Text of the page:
Will Sox make any changes to right ship?

Will Sox make any changes to right ship?
May 19, 2014, 1:45 pm
Share This Post

BOSTON - Even as the losses pile up, the Red Sox continue to preach patience. John Farrell has vowed that there will not be wholesale changes and just last week, referring to the struggling troika of young players that constitute the lower third of the team's batting order, declared: "These are our guys.''
But then came a sweep at the hands of the Detroit Tigers, a set which featured exactly one hit with runners in scoring position and a grand total of three runs scored.
On the one hand, it is relatively early. Memorial Day, when teams traditionally assess what they have and where they are, remains a week off.
And there's this: despite the Red Sox' eminent mediocrity, they've yet to play themselves out of contention in a division where every single team managed to lose on Sunday (the Yankees sprinkled in a win by splitting a doubleheader).
Clearly, however, the arrow is pointing in the wrong direction as the Sox sit on their longest losing steak since the Bobby Valentine Error.
As they sift through the options Monday, a scheduled off-day, here are three changes they could consider.
1) Sit tight
The team's front office knows that, beyond the well-documented issues with Jackie Bradley Jr. and Xander Bogaerts, there are others not playing up past performance: Dustin Pedroia, A.J. Pierzynski, Shane Victorino, Grady Sizemore and others are all, to varying degrees, underachieving.
Over time, these dips tend to self-correct. And should most of those veterans begin to play as they have in the recent past, the Sox would surely be in a better position, needing only to worry about the maturation of the rookies.     

It may be easier for management and ownership to show patience, months after a World Series, as the team currently has a reservoir of goodwill left over from last October.
Then again, it's never easy to preach patience in a market as demanding as Boston.
2) Make some moves internally
Frankly, the options here are limited. Sure, the Sox could dip into their system and make some changes. But there, the choices are either to lean on journeyman players who dot Triple A rosters, waiting for the chance to fill in because of injuries, or to promote other young players before they're fully ready for the challenges of the big leagues.
If Will Middlebrooks, who has more than 650 big league plate appearances and 34 homers, struggled in Boston, what are the odds that Garin Cecchini -- who has less than two months experience above Double A -- could come to Boston and make an impact?
The same goes for catcher Christian Vasquez or Deven Marrero or Mookie Betts. None is ready yet.
3) Make some deals
This is the most logical option and yet, there are drawbacks here, too.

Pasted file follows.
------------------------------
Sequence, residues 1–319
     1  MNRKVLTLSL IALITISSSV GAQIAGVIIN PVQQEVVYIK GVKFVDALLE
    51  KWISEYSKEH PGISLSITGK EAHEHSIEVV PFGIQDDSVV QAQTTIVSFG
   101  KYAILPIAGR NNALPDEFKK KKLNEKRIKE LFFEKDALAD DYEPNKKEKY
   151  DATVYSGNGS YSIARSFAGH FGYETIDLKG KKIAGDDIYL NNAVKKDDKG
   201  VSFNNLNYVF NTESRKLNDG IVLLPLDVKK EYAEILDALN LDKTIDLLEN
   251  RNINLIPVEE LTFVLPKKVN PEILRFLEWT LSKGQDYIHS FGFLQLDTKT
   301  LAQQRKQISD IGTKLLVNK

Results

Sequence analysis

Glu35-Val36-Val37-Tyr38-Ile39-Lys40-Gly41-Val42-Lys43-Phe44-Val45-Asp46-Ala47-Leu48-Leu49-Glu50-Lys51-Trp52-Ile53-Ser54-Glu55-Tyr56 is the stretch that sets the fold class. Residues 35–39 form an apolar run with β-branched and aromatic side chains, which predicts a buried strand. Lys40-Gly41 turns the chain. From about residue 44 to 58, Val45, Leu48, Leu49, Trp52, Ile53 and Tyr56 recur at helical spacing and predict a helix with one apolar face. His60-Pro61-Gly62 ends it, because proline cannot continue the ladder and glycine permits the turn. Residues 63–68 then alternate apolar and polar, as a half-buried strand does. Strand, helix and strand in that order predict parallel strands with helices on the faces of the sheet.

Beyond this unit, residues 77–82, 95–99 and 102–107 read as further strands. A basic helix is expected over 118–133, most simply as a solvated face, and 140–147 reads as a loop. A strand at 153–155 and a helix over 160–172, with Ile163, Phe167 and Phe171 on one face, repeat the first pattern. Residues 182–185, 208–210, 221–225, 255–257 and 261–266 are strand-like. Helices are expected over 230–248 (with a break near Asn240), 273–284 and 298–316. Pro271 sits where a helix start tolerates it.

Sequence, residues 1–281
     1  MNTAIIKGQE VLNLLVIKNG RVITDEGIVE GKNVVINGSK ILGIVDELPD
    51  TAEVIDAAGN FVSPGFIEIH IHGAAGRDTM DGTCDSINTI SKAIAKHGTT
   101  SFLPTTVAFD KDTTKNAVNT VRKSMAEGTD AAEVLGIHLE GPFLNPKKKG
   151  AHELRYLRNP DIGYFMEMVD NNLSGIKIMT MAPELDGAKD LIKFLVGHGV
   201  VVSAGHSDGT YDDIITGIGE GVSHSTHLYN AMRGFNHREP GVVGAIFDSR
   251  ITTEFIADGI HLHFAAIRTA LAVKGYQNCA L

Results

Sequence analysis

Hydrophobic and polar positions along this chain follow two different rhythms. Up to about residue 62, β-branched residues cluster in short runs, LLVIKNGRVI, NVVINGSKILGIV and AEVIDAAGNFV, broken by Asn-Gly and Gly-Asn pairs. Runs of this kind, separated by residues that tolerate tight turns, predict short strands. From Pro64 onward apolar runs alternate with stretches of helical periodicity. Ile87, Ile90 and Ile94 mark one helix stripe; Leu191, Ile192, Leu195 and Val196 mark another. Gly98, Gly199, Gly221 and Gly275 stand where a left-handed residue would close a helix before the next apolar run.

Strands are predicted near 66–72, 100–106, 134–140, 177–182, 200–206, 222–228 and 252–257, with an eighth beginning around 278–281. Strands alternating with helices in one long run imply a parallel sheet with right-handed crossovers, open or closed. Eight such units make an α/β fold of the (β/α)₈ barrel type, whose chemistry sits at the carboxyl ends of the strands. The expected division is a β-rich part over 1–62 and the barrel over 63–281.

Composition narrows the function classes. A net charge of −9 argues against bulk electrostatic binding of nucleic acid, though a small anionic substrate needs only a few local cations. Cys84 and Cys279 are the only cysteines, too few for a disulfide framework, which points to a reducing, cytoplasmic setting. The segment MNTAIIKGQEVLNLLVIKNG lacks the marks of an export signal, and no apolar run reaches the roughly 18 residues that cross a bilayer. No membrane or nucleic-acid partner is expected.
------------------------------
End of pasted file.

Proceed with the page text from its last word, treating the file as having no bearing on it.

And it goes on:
It's difficult to make a big deal before the annual first-year player draft, which doesn't take place for another two weeks. Front offices everywhere are focused on preparing for the draft, and general managers are often on the road, cross-checking prospects identified by the scouts.
Moreover, the expanded playoff format has had the effect of deluding teams into thinking they have a chance at reaching the post-season. Thus, teams are reluctant to break up their everyday lineup in mid-May, effectively throwing in the towel on the rest of the regular season.
Further, what could the Sox hope to land in a trade? And where would they start?
And there's this: if the Sox traded for a starting center fielder, likely one whose contract extends past this year, what does that mean for Bradley? Are they willing to give up on him bases on a little more than a month as the regular center fielder?
Finally, there's the eternal Stephen Drew question.
Yes, the Sox could stabilize short and move Bogaerts to third for the time being, thus getting a more dependable, experienced glove in the middle of the infield and helping out with the team's brutal numbers against righthanded pitching.
But Drew, if he were to be signed today, would need nearly a month to get ready to help out at the major league level. And even if the Sox were to go in this direction, what evidence is there that Drew and agent Scott Boras would be willing to come back?
Drew is two weeks away from being freed from draft pick compensation, which disappears once the draft takes place. Wouldn't Boras be more likely to wait and see what teams step forward when the shackle of a draft pick comes off?
As tempting as it might seem at first, Drew isn't the answer.
The cold hard truth is, there are no easy ones for the Sox, who, difficult as it might be for the fan base, might take Option No. 1 -- and hope things turn around sooner rather than later.